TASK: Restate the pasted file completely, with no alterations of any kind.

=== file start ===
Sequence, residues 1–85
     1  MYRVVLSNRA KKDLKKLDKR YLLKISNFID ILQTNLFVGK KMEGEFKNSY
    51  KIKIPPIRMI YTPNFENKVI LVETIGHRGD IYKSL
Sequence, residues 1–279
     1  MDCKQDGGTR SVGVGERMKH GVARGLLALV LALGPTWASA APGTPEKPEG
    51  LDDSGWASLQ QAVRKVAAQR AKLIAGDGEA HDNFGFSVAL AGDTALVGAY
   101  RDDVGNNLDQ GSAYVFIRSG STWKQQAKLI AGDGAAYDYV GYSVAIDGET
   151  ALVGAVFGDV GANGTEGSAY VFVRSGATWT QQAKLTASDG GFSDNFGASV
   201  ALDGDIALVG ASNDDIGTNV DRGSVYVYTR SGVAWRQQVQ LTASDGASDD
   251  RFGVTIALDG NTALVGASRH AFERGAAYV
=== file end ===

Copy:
Sequence, residues 1–85
     1  MYRVVLSNRA KKDLKKLDKR YLLKISNFID ILQTNLFVGK KMEGEFKNSY
    51  KIKIPPIRMI YTPNFENKVI LVETIGHRGD IYKSL
Sequence, residues 1–279
     1  MDCKQDGGTR SVGVGERMKH GVARGLLALV LALGPTWASA APGTPEKPEG
    51  LDDSGWASLQ QAVRKVAAQR AKLIAGDGEA HDNFGFSVAL AGDTALVGAY
   101  RDDVGNNLDQ GSAYVFIRSG STWKQQAKLI AGDGAAYDYV GYSVAIDGET
   151  ALVGAVFGDV GANGTEGSAY VFVRSGATWT QQAKLTASDG GFSDNFGASV
   201  ALDGDIALVG ASNDDIGTNV DRGSVYVYTR SGVAWRQQVQ LTASDGASDD
   251  RFGVTIALDG NTALVGASRH AFERGAAYV